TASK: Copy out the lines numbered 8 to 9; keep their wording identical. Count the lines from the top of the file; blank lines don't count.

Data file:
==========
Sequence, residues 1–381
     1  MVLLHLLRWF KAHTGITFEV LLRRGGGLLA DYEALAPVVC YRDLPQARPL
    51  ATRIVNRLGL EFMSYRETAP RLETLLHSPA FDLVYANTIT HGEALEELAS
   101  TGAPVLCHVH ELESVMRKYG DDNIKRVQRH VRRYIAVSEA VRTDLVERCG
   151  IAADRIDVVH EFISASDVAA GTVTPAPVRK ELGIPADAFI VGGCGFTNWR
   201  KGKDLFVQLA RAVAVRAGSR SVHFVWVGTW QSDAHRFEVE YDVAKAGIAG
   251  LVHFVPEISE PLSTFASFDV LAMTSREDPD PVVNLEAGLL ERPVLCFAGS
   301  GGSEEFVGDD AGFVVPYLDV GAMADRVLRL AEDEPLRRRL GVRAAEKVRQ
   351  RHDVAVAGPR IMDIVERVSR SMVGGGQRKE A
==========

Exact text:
   301  GGSEEFVGDD AGFVVPYLDV GAMADRVLRL AEDEPLRRRL GVRAAEKVRQ
   351  RHDVAVAGPR IMDIVERVSR SMVGGGQRKE A